Today on Twitter, I found myself caught in the middle of a storm resulting from X Factor contestants using musical theatre as a back up plan. When Sammi Brookes was voted off she expressed her wish to go into Blood Brothers, and this morning Amanda Holden posted the following message after last night’s elimination of Johnny Robinson.
This sparked a Twitter debate, with many of the West End’s best stepping up to voice their opinion. Should musical theatre be a “back up plan” for those booted out of shows like the X Factor? Is it ok that producers and audiences expect to see their favourite X Factor rejects on the West End stage? Or is it demeaning to those who train hard for years in order to lose out to lead roles to someone from ‘reality’ TV? Here’s a selection of what the West End had to say…
Let’s start with the good. We have a number of former X Factor people amongst our West End talent, who have no problem knocking out eight shows a week and hold their own in whatever the challenge is. Cassie Compton, for example, has played Eponine in Les Mis as well as being a lead singer in Dirty Dancing and more recently Nessarose in Wicked. She also teaches West End workshops. Someone like Cassie Compton came to attention on the X Factor, but had been working long before that and has bags of talent to boot.
On the negative, producers recently announced that X Factor contestant Mary Byrne will be appearing as Teen Angel (yes – Teen Angel!) in the tour of Grease at its Dublin stop. Now, in what world is it ok to turn a well known MALE part into a female part so that you can have someone who will put those elusive bums on seats? Especially when you consider how many out of work, trained actors there are who would do that role in a second?
What I’m not saying is that people should not be given a chance, but at the end end of the day, when you audition for a show like the X Factor, surely the aim is to become a pop star? Particularly in the case of Sammi Brookes, who very publicly declared that she wants to be in Blood Brothers. If you want to be in Blood Brothers, why not go and audition for Blood Brothers? Why declare it on National Television so that the whole world thinks that it is your second choice? Why even audition for X Factor if all you want to do is be in Blood Brothers? See my point?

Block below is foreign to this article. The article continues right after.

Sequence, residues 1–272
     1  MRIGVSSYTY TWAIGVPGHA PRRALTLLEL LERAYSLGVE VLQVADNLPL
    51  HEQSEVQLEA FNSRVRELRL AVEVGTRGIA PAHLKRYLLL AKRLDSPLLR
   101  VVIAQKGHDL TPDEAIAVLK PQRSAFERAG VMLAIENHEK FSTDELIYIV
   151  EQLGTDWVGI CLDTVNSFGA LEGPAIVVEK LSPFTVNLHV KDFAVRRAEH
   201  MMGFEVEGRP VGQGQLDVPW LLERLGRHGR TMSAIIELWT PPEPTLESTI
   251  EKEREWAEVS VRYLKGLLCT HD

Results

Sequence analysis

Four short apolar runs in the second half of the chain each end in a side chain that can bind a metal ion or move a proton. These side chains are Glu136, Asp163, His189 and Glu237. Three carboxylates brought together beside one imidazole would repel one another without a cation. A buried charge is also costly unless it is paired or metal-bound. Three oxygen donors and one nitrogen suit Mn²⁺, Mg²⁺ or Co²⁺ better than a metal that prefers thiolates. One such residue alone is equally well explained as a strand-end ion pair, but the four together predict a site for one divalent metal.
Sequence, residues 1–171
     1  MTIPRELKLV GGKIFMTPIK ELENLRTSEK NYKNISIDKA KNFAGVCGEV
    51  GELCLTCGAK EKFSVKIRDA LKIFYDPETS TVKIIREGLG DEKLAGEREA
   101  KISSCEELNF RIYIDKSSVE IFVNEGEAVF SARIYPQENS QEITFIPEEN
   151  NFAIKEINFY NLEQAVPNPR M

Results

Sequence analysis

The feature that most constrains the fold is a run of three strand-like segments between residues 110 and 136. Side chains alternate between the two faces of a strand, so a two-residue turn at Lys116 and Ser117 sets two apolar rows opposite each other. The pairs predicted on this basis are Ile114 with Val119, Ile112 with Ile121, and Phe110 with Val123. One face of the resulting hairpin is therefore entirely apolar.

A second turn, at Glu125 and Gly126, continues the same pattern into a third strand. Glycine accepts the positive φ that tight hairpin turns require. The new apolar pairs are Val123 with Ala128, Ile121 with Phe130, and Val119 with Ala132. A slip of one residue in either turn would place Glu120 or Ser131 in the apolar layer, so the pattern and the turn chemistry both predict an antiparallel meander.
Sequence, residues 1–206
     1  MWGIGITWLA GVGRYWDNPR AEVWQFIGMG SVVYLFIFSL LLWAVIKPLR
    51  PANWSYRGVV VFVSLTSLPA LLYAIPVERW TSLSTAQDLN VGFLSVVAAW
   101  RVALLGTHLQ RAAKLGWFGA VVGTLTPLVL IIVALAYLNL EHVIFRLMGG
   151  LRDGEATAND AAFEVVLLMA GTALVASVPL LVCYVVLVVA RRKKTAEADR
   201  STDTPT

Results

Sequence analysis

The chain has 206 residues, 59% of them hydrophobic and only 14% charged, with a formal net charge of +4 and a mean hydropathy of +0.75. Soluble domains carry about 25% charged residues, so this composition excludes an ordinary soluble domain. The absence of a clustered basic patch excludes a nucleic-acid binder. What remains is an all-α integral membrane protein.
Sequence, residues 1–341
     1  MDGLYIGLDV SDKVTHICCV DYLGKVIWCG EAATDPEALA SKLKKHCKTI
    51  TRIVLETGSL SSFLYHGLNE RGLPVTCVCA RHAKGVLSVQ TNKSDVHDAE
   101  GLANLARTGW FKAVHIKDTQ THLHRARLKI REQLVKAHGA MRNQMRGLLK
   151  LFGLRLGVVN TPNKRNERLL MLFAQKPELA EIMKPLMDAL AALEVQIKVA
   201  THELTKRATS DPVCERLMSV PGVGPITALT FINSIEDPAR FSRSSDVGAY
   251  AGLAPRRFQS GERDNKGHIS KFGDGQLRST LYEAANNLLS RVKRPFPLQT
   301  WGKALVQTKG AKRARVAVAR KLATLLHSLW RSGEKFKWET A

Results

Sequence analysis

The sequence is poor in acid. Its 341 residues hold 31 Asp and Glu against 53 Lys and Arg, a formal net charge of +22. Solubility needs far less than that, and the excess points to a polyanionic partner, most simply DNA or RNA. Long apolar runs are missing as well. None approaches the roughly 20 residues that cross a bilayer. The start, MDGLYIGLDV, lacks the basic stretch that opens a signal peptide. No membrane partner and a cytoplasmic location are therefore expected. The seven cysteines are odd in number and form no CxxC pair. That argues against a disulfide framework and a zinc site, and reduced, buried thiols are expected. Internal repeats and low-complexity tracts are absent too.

Don’t get me wrong, I am not going into training vs not training here, as we have many excellent performers within the West End who never formally trained. But most of them take private lessons and work extremely hard to be able to do eight shows a week. When an X Factor contestant passes musical theatre off as a second choice, it demeans the work that every performer in the West End does. Whether that is working eight shows or more a week in a West End show or auditioning to find the right role when roles are being sapped up by those who get it because of who they are.
People asked this morning whether shows like Over The Rainbow, How Do You Solve A Problem Like Maria? and Any Dream Will Do are the same in terms of churning out people who walk into West End roles, but – as much as I dislike reality television – at least musical theatre is not a second option to those on these shows. They are auditioning to be in a musical, therefore if they do not win but still end up in a musical it is not too far from what they aimed for. Also, on these shows they are more likely to have a little more experience – maybe not formal training as such but even Am Dram experience or National Youth Musical Theatre training can prove very useful.
I just think these things should be judged on talent alone. If someone from a reality TV show goes along to an audition with trained performers, none trained performers and some randomers and gets the role because they are most suited for it, then good for them! There is absolutely no reason why they shouldn’t because, as I already discussed, a number of our West End’s best have dallied with X Factor or such reality TV shows at some point in their career. It just seems producers see the $$ instead of the talent sometimes.
Casting people from X Factor or such show always causes controversy in theatreland. For example, when Rachel Tucker was first cast as Meat in We Will Rock You, pretty much off the back of I’d Do Anything, many people very very quick to voice their disdain. If they would have just given her a chance they would have seen that she was as good a Meat as any of her predecessors. Shayne Ward is most recognizable from the X Factor, but yet he is doing a fantastic job as Staycee Jaxx in Rock of Ages and holds his own against an extremely talented West End cast. It’s great when a “reality TV” person holds their own in a role and is genuinely fantastic and every bit as good as those around them, but how annoying is it when they don’t?
So, give me your thoughts. Do you agree with an X Factor contestant voicing their wish to “do musicals instead” on National Television after being voted off the X Factor? Do you think producers should think about those who have worked hard for the role before they cast those who just came out of X Factor?